On This Day, Jan 30, 1798 – First Brawl Breaks Out on House Floor

griswold1798 – The first brawl in the U.S. House of Representatives took place. Congressmen Matthew Lyon and Roger Griswold fought on the House floor.

On the morning of February 15, 1798, pandemonium broke out on the floor of the United States House of Representatives. Without warning, Federalist Representative Roger Griswold of Connecticut strode across the chambers to where his colleague Matthew Lyon was sitting preoccupied with some correspondence. Cursing him as a “scoundrel,” Griswold pounded the Vermont Republican’s head and shoulders with a thick, hickory walking stick. Federalist Representative George Thacher of Massachusetts witnessed and later recalled the attack:

“I was suddenly, and unsuspectedly interrupted by the sound of a violent blow I raised my head, & directly before me stood Mr. Griswald [sic] laying on blows with all his mightupon Mr. Lyon, who seemed to be in the act of rising out of his seat Lyon made an attempt to catch his cane, but failed–he pressed towards Griswald & endeavoured to close with him, but Griswald fell back and continued his blows on the head, shoulder, & arms of Lyon[who] protecting his head & face as well as he could then turned & made for the fire place & took up the [fire] tongs. Griswalddrop[p]ed his stick & seized the tongs with one hand, & the collar of Lyon by the other, in which pos[i]tion they struggled for an instant when Griswald trip[p]ed Lyon & threw him on the floor & gave him one or two blows in the face.”

Moments after the two grappling combatants were separated, Lyon retreated to the House water table; when Griswold re-approached him, Lyon lunged forward with the fire tongs and initiated a second brawl. As Jonathan Mason commented, the central legislative body of the United States of America had been reduced to “an assembly of Gladiators.”

1649 – England’s King Charles I was beheaded.

1790 – The first purpose-built lifeboat was launched on the River Tyne.

1844 – Richard Theodore Greener became the first African American to graduate from Harvard University.

1862 – The U.S. Navy’s first ironclad warship, the “Monitor“, was launched.

1894 – C.B. King received a patent for the pneumatic hammer.

1911 – The first airplane rescue at sea was made by the destroyer “Terry.” Pilot James McCurdy was forced to land in the ocean about 10 miles from Havana, Cuba.

1933 – “The Lone Ranger” was heard on radio for the first time. The program ran for 2,956 episodes and ended in 1955.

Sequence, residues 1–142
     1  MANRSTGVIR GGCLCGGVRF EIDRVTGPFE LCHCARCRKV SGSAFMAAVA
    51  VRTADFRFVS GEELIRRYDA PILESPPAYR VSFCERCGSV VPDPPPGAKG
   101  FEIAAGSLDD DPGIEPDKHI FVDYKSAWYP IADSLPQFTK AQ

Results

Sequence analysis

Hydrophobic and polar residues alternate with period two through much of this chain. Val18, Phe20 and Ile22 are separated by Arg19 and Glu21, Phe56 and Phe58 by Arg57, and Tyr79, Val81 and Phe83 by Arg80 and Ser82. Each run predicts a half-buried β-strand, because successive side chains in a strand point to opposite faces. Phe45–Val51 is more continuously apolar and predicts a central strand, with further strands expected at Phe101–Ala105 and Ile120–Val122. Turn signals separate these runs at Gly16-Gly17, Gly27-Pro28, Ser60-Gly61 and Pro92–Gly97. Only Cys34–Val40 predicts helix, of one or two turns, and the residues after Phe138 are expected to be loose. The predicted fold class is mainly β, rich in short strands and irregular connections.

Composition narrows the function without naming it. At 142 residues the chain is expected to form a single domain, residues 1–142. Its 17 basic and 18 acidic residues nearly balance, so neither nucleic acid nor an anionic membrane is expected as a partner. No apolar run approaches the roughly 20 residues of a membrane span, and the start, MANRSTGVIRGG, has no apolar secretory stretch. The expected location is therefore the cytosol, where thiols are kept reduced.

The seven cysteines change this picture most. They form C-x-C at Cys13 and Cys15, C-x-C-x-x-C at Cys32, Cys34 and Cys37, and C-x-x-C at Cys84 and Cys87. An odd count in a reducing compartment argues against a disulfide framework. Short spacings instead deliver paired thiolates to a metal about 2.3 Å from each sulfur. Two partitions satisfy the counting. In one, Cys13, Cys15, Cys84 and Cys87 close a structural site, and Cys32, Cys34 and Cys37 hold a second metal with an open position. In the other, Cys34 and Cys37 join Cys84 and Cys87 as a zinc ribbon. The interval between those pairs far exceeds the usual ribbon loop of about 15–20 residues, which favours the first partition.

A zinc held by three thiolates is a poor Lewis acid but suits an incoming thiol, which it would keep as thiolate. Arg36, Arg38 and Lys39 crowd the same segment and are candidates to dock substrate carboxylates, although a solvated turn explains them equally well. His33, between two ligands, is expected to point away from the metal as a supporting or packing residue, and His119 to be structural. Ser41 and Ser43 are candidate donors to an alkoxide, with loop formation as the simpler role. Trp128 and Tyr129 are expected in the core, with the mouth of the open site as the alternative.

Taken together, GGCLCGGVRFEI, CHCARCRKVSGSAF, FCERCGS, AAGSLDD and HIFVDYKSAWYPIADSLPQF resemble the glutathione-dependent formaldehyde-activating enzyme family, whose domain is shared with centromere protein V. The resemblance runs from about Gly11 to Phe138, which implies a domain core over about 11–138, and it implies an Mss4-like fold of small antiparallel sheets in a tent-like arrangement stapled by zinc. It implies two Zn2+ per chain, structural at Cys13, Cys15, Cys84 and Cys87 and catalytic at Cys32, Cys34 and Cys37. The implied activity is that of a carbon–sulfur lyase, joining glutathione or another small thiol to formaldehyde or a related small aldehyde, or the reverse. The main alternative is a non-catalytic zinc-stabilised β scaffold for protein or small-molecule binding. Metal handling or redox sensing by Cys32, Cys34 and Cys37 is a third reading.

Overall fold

1933 – Adolf Hitler was named the German Chancellor.

1948 – Indian political and spiritual leader Mahatma Gandhi was murdered by a Hindu extremist.


1968 – The Tet Offensive began as Communist forces launched surprise attacks against South Vietnamese provincial capitals.

The Tet Offensive was a series of surprise attacks by the Vietcong (rebel forces sponsored by North Vietnam) and North Vietnamese forces, on scores of cities, towns, and hamlets throughout South Vietnam. It was considered to be a turning point in the Vietnam War.

North Vietnamese leaders believed they could not sustain the heavy losses inflicted by the Americans indefinitely and had to win the war with an all-out military effort. In addition, Ho Chi Minh was nearing death, and they needed a victory before that time came.

The combined forces of the Vietcong and the North Vietnamese Regular Army (NVA), about 85,000 strong, launched a major offensive throughout South Vietnam.

The attacks began on January 31, 1968, the first day of the Lunar New Year, Vietnam’s most important holiday. It took weeks for U.S. and South Vietnamese troops to retake all of the captured cities, including the former imperial capital of Hue.

Even though the offensive was a military failure for the North Vietnamese Communists and Vietcong (VC), it was a political and psychological victory for them because it dramatically contradicted optimistic claims by the U.S. government that the war.


1972 – In Northern Ireland, British soldiers shot and killed thirteen Roman Catholic civil rights marchers. The day is known as “Bloody Sunday.”

1979 – The civilian government of Iran announced it had decided to allow Ayatollah Ruhollah Khomeini to return. He had been living in exile in France.


Source: u-s-history.com, On-This-Day.com; essaysinhistory.com